4 min read.Updated: 18 Mar 2021, 10:27 PM ISTVivek Singh,Karan Bhasin
The success of any institution depends on its structure and functioning. To that end, a sound system of governance and professional management could work in favour of our new DFI.
The DFI is also expected to develop an active market for development bonds and generate investor interest. If it all works out well, infrastructure creation will get a big boost.
There has been a growing discussion about the need to create a mechanism for the financing of India’s development aspirations. This is because a bulk of the development projects that the government has planned are long-term in nature, which makes managing the asset-liability balance critical.
India has had experience with development finance institutions (DFIs) in the past and they were converted into full-time commercial banks to allow them access to retail deposits. That India needs a DFI once again is well recognized, but its structure and functioning would be of significance in determining its role in shaping a ‘New India’.
This is precisely why the structure of the newly-created National Bank for Financing Infrastructure and Development (NABFID) is so important. One key determinant of the success of any institution is its governance. A company with a sound board, strong governance structures and excellent management will perform consistently well. Companies with weaker corporate governance may also perform well for some time. But over the long-term, their value and wealth creation potential will be adversely impacted by inherent weaknesses in their management. This is particularly true for public sector enterprises, in which shareholder supervision is not as strong as it is in private enterprises. The fact that NABFID is intended to have a professional board that will be half filled by non-official directors, and that people of eminence will serve as its members, be it as its chairperson or non-official directors, is a signal to markets that it has been designed to operate in a professional manner.
Moreover, the institution has also been given the task of developing India’s bond market for infrastructure financing. It is expected to play a major role as both bond seller and market-maker during its initial years of operations. This may appear to be a conflict of goals. But it is important to note that there need to be certain preconditions for a market to emerge. The role played by NABFID in the development of India’s infrastructure financing market would allow those preconditions to be met by ensuring that there is adequate interest among investors right from the start.
It is equally important to highlight the specific provision of a mandatory performance review of the institution once every five years that will be presented publicly. This will ensure accountability and strengthen the institution’s governance. Further, in the past, salaries for the recruitment of talent by such institutions was capped at the level of secretaries in the Union government.
With better-paying private-sector options available to professionals, their decision to work for the public sector would have entailed a significant pay cut. Thus, public institutions could be deprived of competitive talent by salary differentials between the public and private sector. The new institution, however, will have attractive performance-based incentives to help attract talent, which will be crucial for its proper functioning.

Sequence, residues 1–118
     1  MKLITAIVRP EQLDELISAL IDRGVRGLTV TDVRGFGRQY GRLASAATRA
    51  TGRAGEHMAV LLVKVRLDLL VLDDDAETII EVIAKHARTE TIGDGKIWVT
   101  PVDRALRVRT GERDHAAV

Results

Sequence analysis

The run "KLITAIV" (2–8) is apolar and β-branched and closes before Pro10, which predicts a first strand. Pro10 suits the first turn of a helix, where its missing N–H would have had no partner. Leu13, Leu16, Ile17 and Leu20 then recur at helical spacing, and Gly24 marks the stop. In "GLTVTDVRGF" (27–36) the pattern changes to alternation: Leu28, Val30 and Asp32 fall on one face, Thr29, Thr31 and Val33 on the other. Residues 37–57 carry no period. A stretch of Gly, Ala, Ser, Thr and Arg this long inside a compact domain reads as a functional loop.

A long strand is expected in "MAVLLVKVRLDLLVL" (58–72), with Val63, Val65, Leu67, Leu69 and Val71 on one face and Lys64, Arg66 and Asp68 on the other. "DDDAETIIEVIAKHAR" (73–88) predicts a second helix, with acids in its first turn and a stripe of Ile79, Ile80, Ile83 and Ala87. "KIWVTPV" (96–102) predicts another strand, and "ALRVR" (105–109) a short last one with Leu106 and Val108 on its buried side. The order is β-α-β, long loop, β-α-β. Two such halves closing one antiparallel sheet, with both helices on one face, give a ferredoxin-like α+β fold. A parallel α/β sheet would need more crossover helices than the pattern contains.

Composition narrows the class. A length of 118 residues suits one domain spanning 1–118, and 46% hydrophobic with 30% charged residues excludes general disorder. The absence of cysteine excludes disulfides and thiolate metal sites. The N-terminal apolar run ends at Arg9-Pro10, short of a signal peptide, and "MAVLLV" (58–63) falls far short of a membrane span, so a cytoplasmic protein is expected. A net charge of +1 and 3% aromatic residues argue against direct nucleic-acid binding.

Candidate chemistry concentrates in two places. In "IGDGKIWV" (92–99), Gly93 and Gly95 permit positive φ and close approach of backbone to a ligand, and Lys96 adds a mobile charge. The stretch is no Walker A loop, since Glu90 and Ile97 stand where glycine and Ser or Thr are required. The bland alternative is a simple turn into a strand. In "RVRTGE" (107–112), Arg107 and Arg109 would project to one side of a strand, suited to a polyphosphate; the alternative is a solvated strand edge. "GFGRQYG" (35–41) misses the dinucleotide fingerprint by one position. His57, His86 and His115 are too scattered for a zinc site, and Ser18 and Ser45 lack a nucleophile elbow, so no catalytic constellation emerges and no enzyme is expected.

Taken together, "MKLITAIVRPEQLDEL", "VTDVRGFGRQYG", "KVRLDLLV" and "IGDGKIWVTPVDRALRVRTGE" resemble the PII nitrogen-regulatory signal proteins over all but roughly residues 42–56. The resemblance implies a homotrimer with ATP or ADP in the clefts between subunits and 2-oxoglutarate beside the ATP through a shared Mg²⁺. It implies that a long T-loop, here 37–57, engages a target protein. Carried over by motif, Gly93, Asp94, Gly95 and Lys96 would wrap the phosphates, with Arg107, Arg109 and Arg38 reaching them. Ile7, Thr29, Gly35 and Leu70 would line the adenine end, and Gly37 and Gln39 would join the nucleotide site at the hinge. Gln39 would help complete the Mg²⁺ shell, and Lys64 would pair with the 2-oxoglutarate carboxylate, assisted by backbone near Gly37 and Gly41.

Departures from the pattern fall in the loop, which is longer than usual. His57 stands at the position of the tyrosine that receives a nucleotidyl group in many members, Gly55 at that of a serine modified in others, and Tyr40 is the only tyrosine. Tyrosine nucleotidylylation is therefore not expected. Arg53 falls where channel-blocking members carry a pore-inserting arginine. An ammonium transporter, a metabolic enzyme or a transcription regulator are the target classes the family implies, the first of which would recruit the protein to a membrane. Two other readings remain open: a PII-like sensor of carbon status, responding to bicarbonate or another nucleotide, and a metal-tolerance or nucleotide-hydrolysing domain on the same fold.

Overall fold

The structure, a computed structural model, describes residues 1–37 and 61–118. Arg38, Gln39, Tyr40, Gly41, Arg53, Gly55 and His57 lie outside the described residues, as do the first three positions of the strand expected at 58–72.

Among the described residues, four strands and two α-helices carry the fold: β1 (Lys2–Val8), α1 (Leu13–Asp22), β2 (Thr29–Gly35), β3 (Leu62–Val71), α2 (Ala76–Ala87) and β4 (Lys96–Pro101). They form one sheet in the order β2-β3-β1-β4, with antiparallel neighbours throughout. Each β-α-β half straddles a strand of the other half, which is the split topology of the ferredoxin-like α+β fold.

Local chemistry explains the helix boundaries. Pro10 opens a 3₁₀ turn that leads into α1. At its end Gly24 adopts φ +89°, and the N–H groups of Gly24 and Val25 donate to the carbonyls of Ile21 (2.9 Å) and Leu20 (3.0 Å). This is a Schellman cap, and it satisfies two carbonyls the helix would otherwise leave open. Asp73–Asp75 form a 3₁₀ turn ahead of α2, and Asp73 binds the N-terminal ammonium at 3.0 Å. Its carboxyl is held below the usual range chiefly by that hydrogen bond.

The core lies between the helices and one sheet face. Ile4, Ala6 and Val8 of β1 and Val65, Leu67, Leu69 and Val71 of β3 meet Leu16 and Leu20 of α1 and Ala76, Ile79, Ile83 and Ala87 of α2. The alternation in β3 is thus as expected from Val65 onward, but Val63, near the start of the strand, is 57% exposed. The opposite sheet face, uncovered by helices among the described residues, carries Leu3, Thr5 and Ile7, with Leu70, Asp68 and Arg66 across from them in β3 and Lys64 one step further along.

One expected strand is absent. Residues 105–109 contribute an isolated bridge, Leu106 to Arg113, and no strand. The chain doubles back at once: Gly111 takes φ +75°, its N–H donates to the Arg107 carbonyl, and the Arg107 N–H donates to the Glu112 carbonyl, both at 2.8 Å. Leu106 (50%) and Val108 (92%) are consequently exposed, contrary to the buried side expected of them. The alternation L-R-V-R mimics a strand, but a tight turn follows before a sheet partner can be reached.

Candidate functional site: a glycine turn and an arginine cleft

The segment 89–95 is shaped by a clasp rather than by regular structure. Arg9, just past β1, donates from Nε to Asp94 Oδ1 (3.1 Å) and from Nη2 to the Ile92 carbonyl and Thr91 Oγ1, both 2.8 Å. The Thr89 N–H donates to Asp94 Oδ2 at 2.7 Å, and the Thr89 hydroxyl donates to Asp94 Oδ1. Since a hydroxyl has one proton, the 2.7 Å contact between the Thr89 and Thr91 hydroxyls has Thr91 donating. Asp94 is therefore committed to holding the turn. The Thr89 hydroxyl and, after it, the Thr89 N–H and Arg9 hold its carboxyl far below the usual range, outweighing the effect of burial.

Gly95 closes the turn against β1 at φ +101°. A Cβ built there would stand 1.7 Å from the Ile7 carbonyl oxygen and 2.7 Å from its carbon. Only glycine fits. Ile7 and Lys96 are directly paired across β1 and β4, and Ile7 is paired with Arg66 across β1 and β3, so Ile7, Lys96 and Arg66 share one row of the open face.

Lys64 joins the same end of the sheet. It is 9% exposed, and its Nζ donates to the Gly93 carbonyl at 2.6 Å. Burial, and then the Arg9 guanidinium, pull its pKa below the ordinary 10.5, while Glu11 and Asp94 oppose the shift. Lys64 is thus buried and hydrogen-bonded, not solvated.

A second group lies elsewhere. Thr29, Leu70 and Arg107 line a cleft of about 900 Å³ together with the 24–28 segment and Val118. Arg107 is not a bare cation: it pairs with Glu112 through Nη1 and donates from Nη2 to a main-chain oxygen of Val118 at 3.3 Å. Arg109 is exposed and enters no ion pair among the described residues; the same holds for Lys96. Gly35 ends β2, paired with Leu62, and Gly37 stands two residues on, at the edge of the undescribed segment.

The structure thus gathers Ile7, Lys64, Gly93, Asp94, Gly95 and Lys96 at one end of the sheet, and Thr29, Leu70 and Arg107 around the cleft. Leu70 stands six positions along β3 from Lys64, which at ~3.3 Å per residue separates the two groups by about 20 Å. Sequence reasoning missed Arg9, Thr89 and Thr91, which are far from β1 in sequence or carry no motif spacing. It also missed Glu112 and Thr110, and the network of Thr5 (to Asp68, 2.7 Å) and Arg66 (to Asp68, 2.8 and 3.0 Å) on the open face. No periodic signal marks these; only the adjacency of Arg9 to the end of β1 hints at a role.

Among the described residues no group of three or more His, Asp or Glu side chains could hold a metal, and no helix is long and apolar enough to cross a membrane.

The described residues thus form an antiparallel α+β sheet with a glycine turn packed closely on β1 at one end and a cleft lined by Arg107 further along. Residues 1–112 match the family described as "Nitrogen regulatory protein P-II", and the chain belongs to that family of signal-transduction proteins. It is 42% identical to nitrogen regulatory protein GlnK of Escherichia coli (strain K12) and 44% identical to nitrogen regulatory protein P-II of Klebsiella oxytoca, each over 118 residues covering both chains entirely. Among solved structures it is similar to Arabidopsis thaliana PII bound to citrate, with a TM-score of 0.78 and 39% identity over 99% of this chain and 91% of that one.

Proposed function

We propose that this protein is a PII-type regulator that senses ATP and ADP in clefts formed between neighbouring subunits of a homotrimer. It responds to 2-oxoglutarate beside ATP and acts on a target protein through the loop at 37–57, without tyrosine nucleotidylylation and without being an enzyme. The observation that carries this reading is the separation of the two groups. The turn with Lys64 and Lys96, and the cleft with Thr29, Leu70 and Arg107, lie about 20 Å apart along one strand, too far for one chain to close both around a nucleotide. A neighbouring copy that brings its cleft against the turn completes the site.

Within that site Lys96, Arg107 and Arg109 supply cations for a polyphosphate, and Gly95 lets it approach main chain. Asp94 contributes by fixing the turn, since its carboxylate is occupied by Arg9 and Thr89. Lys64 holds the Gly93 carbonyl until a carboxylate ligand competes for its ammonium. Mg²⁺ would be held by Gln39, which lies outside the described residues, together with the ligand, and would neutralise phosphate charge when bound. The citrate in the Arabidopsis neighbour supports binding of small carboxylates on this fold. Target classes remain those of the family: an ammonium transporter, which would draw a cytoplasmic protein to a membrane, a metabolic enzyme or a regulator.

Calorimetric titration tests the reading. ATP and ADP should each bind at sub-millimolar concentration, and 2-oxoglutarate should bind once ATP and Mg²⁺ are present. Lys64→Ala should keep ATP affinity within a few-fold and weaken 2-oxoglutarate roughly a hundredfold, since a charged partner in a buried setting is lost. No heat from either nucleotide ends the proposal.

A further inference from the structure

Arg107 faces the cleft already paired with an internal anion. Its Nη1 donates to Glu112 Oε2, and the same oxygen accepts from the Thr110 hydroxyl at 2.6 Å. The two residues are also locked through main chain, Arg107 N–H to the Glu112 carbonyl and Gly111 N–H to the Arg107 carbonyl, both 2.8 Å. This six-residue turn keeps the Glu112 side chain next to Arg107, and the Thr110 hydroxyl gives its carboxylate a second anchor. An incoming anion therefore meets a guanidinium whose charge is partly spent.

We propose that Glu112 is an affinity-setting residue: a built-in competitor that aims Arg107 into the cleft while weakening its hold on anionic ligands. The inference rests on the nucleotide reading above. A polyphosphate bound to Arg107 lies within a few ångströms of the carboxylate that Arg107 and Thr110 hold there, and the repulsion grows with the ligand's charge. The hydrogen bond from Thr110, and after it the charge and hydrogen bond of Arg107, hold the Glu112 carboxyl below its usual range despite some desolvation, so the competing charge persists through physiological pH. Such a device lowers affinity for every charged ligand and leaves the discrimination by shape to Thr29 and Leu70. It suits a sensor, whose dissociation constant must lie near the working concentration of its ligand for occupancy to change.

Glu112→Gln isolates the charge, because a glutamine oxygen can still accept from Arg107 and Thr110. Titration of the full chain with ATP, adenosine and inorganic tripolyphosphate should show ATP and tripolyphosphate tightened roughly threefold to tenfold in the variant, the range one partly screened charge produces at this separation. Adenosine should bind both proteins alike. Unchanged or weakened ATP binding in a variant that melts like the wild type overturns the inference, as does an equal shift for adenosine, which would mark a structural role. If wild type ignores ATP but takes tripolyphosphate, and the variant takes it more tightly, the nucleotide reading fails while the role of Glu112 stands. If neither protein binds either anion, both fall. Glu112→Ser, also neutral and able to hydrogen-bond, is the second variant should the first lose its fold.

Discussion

Another advantage is the allowing of sovereign wealth funds (SWFs) and other institutions to purchase equity, along with a buy-back option, in NABFID. SWFs are among the world’s well-run institutions and their investment in NABFID would serve to improve its overall governance.
While governance is important, equally crucial is its scale of operations. Notably, NABFID will have an authorized capital of ₹1 trillion, and the Union budget for 2021-22 laid out the government’s ambition for it to have a portfolio of ₹5 trillion within three years. Therefore, in many ways, the new institution will serve as an important instrument for financing the bulk of the country’s infrastructure investment plans.
However, the success of NABFID would depend on its ability to generate adequate investor interest in its instruments. Careful selection, bundling and securitization of projects (or their constituent elements) are matters of detail that could prove crucial in attracting the interest of other financial institutions as well as high net worth individuals.
Also important is the use of tax policies that could make some of these investments attractive for investors. The government has already provided a nudge by granting incentives, such as a 10-year income tax holiday on its bonds, along with other concessions and guarantees. These should help whet investor appetite.
The proposed institutional design reflects a deep understanding of the challenges that such institutions have faced in the past. Thus, the new institution will learn from DFI mistakes that were made in the past, with the overarching objective of creating a truly world-class financing mechanism for the fulfilment of India’s infrastructure and development aspirations.
The institutional structure of NABFID is compatible with the broad objectives of this institution. The approach is geared towards finding a solution to the critical problem of financing long-term infrastructure projects in the country. The push for strong governance structures along with robust management of the newly-created institution is an illustration of how the government envisions a larger role for it that would be in line with our target of spending ₹102 trillion on various projects of the National Infrastructure Pipeline.
Vivek Singh and Karan Bhasin are, respectively, officer on special duty to India’s finance minister and an independent economist.
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